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Some aids in learning a foreign language

The Jabberwocky
The Jabberwocky
Larry's art work

Some aids in learning a foreign language

Obviously one expects to see some similarities of vocabulary between related languages, e.g. Spanish and Italian or German and Dutch, but just as English borrows from various languages so do other languages borrow words. The Japanese borrow perhaps thousands of words from English, but their pronunciation is so different an English-speaking person might not recognize the words as being English.

The French word for ‘story’ in the sense of ‘floor of a building’ is ‘etage ’. The Germans borrow the word and pronounce it slightly differently. The Norwegians do likewise and spell it to conform to their own orthography (writing system) – ‘etasje’. As has been pointed out in past articles, learning the sounds of the foreign language first is up utmost importance. Two unrelated languages have something in common, both Norwegian and Spanish do not have what is termed a ‘voiced syllabant’. That is, they don’t have a ‘z’ sound. ‘Gonsalez’, for example is mispronounced by Americans. Both the ‘s’ and the ‘z’ in the name get an ‘es’ sound.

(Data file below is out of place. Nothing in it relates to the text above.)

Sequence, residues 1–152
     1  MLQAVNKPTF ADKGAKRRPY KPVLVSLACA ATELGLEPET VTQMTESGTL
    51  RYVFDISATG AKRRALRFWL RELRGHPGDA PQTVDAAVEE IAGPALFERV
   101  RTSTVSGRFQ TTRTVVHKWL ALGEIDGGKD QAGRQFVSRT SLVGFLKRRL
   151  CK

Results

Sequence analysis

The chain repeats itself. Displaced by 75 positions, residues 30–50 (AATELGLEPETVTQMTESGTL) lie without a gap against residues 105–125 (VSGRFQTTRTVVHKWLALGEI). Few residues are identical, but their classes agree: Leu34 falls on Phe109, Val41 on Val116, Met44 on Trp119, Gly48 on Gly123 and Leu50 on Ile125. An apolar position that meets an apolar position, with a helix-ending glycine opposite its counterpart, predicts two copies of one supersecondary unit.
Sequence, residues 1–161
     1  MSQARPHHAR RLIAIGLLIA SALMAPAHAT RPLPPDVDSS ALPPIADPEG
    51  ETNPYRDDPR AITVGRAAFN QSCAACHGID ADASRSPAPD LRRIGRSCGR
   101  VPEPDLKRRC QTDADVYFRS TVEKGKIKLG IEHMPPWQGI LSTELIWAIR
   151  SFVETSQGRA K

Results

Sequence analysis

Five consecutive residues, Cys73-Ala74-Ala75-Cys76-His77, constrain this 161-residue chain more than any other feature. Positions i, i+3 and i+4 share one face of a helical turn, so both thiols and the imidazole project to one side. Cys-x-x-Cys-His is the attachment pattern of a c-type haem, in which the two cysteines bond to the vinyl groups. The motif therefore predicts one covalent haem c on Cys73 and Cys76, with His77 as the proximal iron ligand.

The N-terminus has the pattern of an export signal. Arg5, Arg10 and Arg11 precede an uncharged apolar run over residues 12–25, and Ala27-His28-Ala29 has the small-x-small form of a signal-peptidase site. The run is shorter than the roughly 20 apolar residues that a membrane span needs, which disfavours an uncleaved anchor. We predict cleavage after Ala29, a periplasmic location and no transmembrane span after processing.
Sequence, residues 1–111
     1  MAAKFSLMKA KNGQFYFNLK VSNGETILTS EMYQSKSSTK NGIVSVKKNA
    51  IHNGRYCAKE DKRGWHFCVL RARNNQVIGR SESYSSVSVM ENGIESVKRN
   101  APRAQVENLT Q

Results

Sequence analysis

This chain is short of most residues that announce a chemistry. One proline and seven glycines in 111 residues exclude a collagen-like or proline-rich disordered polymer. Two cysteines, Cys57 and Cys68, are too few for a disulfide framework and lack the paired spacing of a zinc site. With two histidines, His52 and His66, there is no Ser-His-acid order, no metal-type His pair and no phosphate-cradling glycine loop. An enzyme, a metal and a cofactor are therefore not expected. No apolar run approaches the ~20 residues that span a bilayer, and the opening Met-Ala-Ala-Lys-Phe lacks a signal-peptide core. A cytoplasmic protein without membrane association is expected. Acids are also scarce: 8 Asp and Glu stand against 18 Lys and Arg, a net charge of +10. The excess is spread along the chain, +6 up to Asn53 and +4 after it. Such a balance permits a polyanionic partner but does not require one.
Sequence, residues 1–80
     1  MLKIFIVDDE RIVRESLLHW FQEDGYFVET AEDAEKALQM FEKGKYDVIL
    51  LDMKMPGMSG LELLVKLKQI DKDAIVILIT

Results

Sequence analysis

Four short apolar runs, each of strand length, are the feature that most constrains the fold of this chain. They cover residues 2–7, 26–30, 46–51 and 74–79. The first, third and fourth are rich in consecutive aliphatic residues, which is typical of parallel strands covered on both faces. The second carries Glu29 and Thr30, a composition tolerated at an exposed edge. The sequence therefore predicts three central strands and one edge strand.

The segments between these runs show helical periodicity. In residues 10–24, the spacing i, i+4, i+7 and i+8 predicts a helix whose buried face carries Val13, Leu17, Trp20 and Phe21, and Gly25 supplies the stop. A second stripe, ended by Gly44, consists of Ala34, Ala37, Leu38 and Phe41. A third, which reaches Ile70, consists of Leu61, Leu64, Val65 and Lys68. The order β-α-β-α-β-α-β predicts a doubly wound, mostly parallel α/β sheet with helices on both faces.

Here are some hints in developing vocabulary in various foreign languages:
The English word ‘advice’ is ‘conseil’ in French. Think ‘council’
In Spanish it’s ‘consejo’, also think council.
The word ‘agree’ in French is ‘consentir’. Think ‘consent’ In Spanish it’s ‘acordar’. Think being in ‘accord’
The French word for ‘alone’ is seul. Think ‘solo. In Spanish it is ‘solo’. In German it’s ‘allein’. That’s pretty close to ‘alone’.
The French word for ‘answer’ is ‘répondre’. Think ‘respond’. German is ‘antworten’. That’s fairly close to answer.
The French word for ‘ant’ is ‘fourmi’. Ants produce formic acid. Italian is ‘formiga’
The French word for ‘arm’ is ‘bras’. Think ‘embrace’. In Spanish it’s ‘brazo’, Italian it’s ‘braccio’. In German and all the Germantic languages it’s ‘arm’!

Here’s an interesting one, ‘asparagus’. Did you know that the original English word for it was ‘sparrow grass’? Say that fast and it comes out as ‘asparagus’. In French it’s ‘asperges’. That’s close enough to English (if you pronounce it correctly). In German it’s ‘Spargel’
The English word ‘bank’ (where you deposit money, not river bank) is so similar to other languages you’ll pick that one up easily.
To be continued.

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